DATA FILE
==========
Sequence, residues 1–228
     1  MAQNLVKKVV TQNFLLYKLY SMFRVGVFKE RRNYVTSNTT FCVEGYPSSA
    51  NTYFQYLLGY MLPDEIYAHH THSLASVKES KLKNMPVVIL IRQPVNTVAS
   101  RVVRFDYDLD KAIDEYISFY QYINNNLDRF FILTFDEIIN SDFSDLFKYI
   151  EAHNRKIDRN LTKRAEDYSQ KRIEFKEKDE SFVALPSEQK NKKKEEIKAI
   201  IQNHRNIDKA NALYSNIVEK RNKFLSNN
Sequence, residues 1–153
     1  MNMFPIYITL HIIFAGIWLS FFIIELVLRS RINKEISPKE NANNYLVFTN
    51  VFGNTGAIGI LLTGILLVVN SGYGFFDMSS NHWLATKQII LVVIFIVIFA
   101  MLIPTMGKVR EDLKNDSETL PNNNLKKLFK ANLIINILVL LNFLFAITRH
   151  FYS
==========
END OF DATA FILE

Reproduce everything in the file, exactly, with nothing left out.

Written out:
Sequence, residues 1–228
     1  MAQNLVKKVV TQNFLLYKLY SMFRVGVFKE RRNYVTSNTT FCVEGYPSSA
    51  NTYFQYLLGY MLPDEIYAHH THSLASVKES KLKNMPVVIL IRQPVNTVAS
   101  RVVRFDYDLD KAIDEYISFY QYINNNLDRF FILTFDEIIN SDFSDLFKYI
   151  EAHNRKIDRN LTKRAEDYSQ KRIEFKEKDE SFVALPSEQK NKKKEEIKAI
   201  IQNHRNIDKA NALYSNIVEK RNKFLSNN
Sequence, residues 1–153
     1  MNMFPIYITL HIIFAGIWLS FFIIELVLRS RINKEISPKE NANNYLVFTN
    51  VFGNTGAIGI LLTGILLVVN SGYGFFDMSS NHWLATKQII LVVIFIVIFA
   101  MLIPTMGKVR EDLKNDSETL PNNNLKKLFK ANLIINILVL LNFLFAITRH
   151  FYS